One of my only hobbies is running obstacle course races. They range from about 3 miles to somewhere near 12 miles and there are any number of various obstacles to tackle along the way. Sometimes a course is fairly easy, other times I come home barely able to walk for two days. People always ask me why I put myself through that. My answer is twofold.

First, having a physical goal ahead of me motivates me to stay in shape, to get ready for the event. That’s about the only thing that gets me exercising sometimes. Secondly, I like to sign up for these challenges because they’re uncomfortable and outside the norm. I want to push myself physically to do things that I’m not sure I can actually do. I end up praying a whole lot while I’m running the course because I need all the help I can get. It reminds me that I’m dependent on my Creator to do anything. I believe that brings Him glory.

Now, let me wrap all this physical stuff in with the spiritual aspect we’ve talked about. I have a calling to love God more than anything else, giving my body as a living sacrifice. In order to carry out His purpose for me, which includes loving other people, serving them, and all other sorts of things that require a physical body, I’ve got to keep my body operational to the best of my ability.

My body is not my own. Your body is not your own. We’ve been bought with a price and now we’re to bring the Lord glory through our bodies. We can’t neglect the physical in exchange for the spiritual. They need each other.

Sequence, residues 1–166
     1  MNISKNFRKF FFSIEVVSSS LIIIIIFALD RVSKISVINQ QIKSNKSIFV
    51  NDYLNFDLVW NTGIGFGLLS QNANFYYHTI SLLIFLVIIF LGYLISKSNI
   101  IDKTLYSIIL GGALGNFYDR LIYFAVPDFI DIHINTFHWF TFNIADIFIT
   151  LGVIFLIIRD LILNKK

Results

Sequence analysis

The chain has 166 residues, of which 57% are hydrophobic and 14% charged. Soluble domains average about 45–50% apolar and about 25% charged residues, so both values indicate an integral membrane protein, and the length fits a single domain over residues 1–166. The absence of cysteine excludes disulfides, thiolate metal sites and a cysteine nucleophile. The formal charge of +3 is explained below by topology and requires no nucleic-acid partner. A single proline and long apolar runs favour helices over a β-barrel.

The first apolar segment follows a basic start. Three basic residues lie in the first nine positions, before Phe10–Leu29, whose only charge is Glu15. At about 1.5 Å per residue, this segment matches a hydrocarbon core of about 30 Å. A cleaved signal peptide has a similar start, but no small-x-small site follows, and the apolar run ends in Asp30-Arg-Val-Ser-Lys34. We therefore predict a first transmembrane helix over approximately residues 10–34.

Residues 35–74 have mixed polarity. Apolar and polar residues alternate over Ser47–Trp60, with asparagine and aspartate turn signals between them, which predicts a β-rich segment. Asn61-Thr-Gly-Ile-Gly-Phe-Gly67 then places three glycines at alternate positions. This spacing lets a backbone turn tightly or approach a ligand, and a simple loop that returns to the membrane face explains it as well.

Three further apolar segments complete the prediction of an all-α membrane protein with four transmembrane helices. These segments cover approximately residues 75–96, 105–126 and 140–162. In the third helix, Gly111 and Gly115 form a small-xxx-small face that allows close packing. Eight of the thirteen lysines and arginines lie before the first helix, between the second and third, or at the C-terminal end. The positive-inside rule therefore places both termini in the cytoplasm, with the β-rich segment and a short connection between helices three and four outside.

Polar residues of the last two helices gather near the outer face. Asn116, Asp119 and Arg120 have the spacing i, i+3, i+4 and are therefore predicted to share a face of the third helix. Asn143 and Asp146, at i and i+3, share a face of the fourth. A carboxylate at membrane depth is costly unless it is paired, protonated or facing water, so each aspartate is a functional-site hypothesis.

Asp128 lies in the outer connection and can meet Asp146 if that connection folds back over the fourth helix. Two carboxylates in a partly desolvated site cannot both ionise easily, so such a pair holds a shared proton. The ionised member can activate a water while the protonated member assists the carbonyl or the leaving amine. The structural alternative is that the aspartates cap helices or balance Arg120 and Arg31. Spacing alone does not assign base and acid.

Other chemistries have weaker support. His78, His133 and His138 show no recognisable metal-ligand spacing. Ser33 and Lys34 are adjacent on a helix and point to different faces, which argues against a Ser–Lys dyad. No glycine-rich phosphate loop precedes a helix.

How are you taking care of your temple? What do you need to do to improve?

Love others

325064_2851984026582_830175113_oJohn 13:34-35 A new commandment I give to you, that you love one another: just as I have loved you, you also are to love one another. By this all people will know that you are my disciples, if you have love for one another.

The most important commands we’re ever given by God are to love Him above all else and to love other people. This starts with loving our own fellow believers. By our love for “one another,” Jesus says, the world will know we’re His. We don’t always do real well at that, do we? Truth is, the outside world often sees the church as a bunch of bickering people who can’t get along.

It’s unfortunate that the people we call brothers and sisters in the family of God are often the ones who we’re least likely to get along with. It shouldn’t be this way. I submit to you that the leading cause of problems within the church is pride. If we’d put others’ needs before our own, we’d find a much healthier church with healthier individuals.